Housed in a grand Mannerist palace, the former Convento de la Merced, the Museo de Bellas Artes is one of Spain's premier art museums. Its collection of Spanish and Sevillan paintings and sculptures comprises works from the 15th to 20th centuries, but the focus is very much on brooding religious paintings from the city's 17th-century Siglo de Oro (Golden Age).
Works are displayed in chronological order, with the Golden Age masterpieces clustered in salas V to X. The most visually arresting room is the convent's former church (sala V), hung with paintings by masters of the Sevillan baroque, above all Murillo. His Inmaculada concepción (aka La Colosal; 1650) at the head of the church displays all the curving, twisting movement so central to baroque art. Other artists represented include Pacheco (teacher and father-in-law of Velázquez), Juan de Valdés Leal, Zurbarán (look for his deeply sombre Cristo crucificado, c 1630–35) and sculptor Juan Martínez Montañés.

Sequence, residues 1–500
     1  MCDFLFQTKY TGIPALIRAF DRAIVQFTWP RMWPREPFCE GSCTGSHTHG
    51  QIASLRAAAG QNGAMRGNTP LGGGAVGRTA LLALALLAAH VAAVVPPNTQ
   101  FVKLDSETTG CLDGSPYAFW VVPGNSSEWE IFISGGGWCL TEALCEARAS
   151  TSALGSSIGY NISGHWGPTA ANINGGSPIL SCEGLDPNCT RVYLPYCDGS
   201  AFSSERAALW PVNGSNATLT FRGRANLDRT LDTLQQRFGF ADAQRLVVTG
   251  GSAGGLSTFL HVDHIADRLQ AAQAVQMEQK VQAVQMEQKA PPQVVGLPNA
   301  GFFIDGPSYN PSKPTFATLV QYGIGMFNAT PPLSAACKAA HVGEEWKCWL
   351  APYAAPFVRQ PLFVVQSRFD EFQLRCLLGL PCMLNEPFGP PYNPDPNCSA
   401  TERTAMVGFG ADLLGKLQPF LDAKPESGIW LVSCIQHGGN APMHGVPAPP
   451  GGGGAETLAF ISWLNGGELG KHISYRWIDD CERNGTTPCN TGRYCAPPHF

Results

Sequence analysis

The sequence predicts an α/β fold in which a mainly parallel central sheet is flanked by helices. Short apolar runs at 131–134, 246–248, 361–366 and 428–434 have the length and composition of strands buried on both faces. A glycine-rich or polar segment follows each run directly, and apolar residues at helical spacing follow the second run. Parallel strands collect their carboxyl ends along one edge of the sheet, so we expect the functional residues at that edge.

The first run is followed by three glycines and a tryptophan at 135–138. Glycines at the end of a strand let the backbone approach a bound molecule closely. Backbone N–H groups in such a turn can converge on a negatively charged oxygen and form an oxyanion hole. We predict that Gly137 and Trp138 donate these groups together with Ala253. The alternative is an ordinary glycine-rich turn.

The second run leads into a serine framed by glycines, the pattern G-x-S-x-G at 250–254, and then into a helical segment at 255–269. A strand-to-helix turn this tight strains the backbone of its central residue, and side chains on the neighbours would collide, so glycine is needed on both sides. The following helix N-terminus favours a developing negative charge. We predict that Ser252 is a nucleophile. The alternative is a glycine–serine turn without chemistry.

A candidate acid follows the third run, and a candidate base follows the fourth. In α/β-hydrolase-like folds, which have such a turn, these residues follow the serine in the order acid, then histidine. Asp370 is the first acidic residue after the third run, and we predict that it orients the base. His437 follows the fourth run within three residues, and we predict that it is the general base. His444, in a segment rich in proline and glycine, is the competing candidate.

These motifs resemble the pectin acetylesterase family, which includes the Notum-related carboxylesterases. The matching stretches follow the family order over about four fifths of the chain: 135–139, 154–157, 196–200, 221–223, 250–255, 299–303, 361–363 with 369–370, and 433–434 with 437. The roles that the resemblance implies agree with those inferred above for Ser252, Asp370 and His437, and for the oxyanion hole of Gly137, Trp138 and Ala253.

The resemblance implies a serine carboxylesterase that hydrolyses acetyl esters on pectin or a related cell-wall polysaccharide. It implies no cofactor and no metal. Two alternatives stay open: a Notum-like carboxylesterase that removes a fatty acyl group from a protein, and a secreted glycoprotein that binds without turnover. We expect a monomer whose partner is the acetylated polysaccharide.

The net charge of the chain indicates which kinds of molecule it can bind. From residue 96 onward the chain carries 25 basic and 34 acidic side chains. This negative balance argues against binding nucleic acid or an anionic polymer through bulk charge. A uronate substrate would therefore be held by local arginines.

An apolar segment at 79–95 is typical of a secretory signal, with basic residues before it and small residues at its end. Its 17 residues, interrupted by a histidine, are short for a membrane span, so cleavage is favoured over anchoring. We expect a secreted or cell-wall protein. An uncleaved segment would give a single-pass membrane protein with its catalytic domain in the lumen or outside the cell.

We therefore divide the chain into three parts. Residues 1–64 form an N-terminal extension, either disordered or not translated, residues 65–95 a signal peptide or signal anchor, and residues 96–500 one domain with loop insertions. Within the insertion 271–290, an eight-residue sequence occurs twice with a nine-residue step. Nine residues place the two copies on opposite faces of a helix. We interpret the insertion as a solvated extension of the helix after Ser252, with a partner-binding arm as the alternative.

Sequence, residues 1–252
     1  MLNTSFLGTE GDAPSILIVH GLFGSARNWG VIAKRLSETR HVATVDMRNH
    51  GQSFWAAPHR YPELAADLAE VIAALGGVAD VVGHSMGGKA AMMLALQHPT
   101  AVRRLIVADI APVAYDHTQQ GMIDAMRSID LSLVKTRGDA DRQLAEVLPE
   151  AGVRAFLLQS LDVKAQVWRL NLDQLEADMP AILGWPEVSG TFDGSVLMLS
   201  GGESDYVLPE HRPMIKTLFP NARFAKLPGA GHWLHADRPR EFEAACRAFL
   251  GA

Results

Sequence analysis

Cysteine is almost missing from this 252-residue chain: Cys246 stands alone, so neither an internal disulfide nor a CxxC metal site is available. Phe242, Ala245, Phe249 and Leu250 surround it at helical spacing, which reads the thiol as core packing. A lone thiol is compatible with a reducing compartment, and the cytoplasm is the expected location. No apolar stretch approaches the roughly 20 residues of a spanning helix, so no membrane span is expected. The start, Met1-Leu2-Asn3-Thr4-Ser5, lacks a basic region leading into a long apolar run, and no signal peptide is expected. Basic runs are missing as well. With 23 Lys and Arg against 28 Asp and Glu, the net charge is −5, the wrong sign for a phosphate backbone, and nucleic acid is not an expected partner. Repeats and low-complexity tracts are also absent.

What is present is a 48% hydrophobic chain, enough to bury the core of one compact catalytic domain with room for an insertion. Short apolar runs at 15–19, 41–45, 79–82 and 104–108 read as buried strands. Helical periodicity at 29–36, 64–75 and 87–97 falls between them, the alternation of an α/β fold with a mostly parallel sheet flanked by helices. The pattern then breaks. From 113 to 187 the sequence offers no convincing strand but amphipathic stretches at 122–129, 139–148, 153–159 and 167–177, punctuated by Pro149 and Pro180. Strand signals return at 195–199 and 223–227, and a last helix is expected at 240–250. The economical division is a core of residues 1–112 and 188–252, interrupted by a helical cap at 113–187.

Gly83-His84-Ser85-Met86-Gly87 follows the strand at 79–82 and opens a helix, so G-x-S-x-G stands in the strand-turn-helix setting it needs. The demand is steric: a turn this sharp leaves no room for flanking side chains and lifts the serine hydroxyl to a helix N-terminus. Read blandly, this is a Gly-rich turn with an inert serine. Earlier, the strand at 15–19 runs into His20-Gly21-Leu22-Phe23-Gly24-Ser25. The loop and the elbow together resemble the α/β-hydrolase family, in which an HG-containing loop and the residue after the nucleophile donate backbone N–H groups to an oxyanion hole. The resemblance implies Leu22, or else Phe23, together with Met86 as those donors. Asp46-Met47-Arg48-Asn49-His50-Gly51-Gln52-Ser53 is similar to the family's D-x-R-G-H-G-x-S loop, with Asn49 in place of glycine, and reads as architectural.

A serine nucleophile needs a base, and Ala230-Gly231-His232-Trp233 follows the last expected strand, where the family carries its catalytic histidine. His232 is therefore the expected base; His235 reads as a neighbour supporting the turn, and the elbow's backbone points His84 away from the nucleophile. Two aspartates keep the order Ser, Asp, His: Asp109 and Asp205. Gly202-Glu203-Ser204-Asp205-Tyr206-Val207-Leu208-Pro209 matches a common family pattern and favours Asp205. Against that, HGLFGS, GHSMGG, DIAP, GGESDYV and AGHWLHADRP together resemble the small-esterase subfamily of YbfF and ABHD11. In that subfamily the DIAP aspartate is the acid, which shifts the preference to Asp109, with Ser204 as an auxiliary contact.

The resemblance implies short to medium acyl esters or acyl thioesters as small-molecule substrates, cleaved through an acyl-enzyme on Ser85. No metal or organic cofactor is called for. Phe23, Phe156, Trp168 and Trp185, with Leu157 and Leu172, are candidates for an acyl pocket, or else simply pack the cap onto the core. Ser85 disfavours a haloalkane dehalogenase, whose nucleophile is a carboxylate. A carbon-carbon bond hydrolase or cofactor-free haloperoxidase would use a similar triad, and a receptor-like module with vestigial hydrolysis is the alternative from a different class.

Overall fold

Elsewhere, look out for El Greco's portrait of his son Jorge Manuel (c 1600–05), Velázquez's Cabeza de apóstol (1620), and a portrait by Goya in sala XI.
For a change of subject matter, push on to sala XII where Gonzalo Bilbao’s Las cigarreras (The Cigarette Makers; 1915) is one of several canvases depicting scenes of Sevillan life.